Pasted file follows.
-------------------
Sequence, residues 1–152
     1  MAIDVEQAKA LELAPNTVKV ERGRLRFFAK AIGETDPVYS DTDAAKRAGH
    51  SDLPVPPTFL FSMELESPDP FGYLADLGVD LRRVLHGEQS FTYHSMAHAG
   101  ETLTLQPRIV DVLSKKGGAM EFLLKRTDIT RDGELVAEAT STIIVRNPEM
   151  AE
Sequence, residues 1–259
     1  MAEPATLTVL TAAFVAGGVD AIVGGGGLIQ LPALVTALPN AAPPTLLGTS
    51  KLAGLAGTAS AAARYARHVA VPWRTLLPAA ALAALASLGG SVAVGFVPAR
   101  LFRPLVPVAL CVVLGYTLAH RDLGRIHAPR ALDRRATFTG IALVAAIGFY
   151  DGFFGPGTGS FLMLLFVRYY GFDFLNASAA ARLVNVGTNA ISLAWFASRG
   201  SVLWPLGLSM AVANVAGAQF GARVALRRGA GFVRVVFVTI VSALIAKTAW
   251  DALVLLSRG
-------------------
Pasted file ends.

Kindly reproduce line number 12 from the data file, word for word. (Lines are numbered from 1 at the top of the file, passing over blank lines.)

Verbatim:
   251  DALVLLSRG